Season 1, Episode 1
It’s March 2005. An excited man in his late 30s is sprinting home from the pub. His show is about to start.
It’s been fifteen and a half years since his hero was placed in suspended animation by the evil Lord Grade of Uranus. His expectations oscillate. It will be wonderful! It will be awful! His mind spins into a one-man Stadtler and Waldorf routine. This is becoming entirely unbearable.
He takes to the sofa, TV on. Five minutes early. Damn! Get on with it! This is not a TV show, this is a life event. Hurry up!
And then it comes. The adrenaline-addled man watches the whole show on the edge of his seat and when it’s all over there are tears of joy in his eyes. The Doctor is back and all is good. He watches it three more times just to make sure and retires in a wonderful mood.
So how does this person feel about the episode fifteen and a half years later? It was a wonderful event, but was it a wonderful show?
It has an awful lot to do in just 45 minutes, it has to introduce a new Doctor, a new companion and hopefully, tell a story. In the old days, you’d have at least 100 minutes to do that. It’s a big ask.
On reflection, the story is perhaps, a little slight but there’s enough of it to keeps thing moving. It was a good move to bring back a less used enemy from the classic series. It gave a bit of continuity without resorting to Daleks or Cybermen. Somehow, that would not have been right.
First, we meet Rose. Here is our new touchstone, a noughties incarnation of Ace, perhaps. She’s an attractive, vivacious, working-class Londoner and she’s about to take us down the rabbit hole to end all rabbit holes. There’s a nicely directed transition from Rose’s humdrum day to the first action scene and finally, there’s the man we’ve all been waiting for.
Unsurprisingly, there’s no regeneration scene or any mention of regeneration. This is, after all, Season 1 not Series 27. I’m not sure that anyone had really decided whether he was “8” or “9” back then.
The Doctor is suddenly here and he’s on the case. In a huge departure from both later and earlier incarnations, he’s dressed in contemporary clothes. He could walk down any street and not be out of place. There’s nothing flamboyant about his appearance beyond a rather spectacular grin.
Dropping him into an action scene allows for a slow and steady introduction to the new Doctor. He’s a little bit more macho than his predecessors; a little less loquacious and more inclined towards the short-sharp quips of the action hero. He’s quite definitely from another planet but we’re not told where.
He’s doesn’t channel any of the classic players, he’s just treats it as a blank canvas. And it works.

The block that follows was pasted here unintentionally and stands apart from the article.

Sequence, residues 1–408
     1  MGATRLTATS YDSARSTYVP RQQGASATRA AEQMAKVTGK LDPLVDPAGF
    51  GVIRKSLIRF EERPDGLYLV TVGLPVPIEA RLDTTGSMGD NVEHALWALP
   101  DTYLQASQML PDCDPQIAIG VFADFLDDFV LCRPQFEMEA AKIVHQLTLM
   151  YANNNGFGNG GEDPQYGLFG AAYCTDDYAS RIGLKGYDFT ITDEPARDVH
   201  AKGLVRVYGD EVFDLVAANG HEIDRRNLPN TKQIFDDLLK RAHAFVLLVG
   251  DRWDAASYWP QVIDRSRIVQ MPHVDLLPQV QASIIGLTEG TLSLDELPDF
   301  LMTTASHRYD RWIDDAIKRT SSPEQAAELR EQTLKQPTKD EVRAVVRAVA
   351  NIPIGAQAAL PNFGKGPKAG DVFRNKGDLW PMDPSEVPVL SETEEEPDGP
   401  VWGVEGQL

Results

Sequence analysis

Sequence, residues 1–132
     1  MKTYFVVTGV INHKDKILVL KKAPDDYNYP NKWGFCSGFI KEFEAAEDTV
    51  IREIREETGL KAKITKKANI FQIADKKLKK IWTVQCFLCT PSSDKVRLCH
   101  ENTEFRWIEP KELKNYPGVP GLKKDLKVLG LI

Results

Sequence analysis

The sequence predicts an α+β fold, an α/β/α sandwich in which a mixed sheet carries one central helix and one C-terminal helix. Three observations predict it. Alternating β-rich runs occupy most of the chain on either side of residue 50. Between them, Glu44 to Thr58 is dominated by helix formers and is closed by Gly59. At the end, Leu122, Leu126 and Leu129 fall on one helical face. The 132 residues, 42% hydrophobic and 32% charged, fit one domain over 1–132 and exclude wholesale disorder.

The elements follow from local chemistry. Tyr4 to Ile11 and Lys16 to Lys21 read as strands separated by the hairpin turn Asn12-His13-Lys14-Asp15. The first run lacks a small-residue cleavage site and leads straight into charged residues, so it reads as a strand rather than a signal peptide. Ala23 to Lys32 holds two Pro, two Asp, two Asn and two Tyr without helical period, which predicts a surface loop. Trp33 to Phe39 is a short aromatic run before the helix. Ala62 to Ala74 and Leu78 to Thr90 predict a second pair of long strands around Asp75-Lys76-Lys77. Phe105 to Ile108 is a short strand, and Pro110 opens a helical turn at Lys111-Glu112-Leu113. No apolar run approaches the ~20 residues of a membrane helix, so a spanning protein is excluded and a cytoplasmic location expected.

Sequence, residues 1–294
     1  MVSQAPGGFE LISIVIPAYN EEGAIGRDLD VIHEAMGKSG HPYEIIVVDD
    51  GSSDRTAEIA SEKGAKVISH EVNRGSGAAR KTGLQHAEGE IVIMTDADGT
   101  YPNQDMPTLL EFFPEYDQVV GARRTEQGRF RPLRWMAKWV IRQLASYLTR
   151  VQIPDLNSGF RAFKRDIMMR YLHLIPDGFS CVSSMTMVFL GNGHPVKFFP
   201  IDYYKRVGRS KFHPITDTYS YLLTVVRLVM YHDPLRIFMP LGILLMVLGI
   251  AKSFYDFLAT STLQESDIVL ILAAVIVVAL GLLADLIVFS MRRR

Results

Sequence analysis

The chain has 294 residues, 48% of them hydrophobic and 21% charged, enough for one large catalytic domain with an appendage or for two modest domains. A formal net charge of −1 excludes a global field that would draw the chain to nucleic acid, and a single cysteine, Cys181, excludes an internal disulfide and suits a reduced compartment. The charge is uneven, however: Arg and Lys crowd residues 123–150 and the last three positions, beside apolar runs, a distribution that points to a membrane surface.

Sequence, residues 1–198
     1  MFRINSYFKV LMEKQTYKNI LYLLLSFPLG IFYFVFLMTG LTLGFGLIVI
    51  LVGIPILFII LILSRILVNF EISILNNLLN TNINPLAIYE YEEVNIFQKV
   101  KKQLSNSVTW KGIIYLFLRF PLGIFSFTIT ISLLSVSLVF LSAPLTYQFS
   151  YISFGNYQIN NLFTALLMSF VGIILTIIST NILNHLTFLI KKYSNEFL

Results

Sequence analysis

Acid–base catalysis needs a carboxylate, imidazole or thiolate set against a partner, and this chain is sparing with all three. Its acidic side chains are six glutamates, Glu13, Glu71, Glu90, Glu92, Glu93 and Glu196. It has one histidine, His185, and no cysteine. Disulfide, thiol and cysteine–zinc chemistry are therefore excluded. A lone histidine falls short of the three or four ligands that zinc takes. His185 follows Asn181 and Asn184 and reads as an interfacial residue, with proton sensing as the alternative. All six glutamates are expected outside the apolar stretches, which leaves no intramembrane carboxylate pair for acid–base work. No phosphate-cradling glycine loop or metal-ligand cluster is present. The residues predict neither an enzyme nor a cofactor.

The main mission of establishing a new Doctor and companion is actually accomplished quickly and effectively. They’re sparking off each other nicely and it’s not too long before we’re feeling quite attached to them and the affection continues to grow. We also get the companion’s boyfriend and mother, both of whom will return in subsequent adventures. And if that’s not enough, there’s a cracking joke about the Doctor’s newly acquired northern accent which remains one of my all-time favourite lines from any period of the show.
Rusty has hit a home run, and the rest is a bonus. What we get is a fairly lively romp, albeit with not too much meat on its bones, but enough to turn the episode into a complete show.
In spite of the rather striking sight of the Doctor being backed by a healthy budget, the show feels like it has its feet firmly planted in the original Whoniverse. At the same time, it manages to bridge the missing years in Earth time quite painlessly.
The direction by Keith Boak is spot on and Murray Gold’s music is excellent. The Doctor is back and back in the present day (I haven’t been out too much since) and it delivers something quite wonderful to newcomers and old fans alike. All in all, it’s an absolute triumph.
Viewed as an episode, it’s still pretty good – maybe a seven out of ten. Considered as one of the hardest reboots in history, it goes up to eleven! There can be no doubt that Russell T. Davies deserves a knighthood for this.
This is the first in a series of mini-reviews as I take a break from my Tom Baker DVDs and re-watch the 21st Century episodes in order. Some, I have watched many a time but there are many that I haven’t seen for a good while. This will be a journey that will take me through various states from euphoria to despair. You will, no doubt, be exposed to relentless ranting about chronic screwdrivers as well as gushing praise for Matt Smith.
The first episode has certainly been a happy revisitation and I’m looking forward to watching The End of the World for the first time since it was first aired. I seem to remember that it involved the Restaurant at the End of the Universe – I’m off to find out …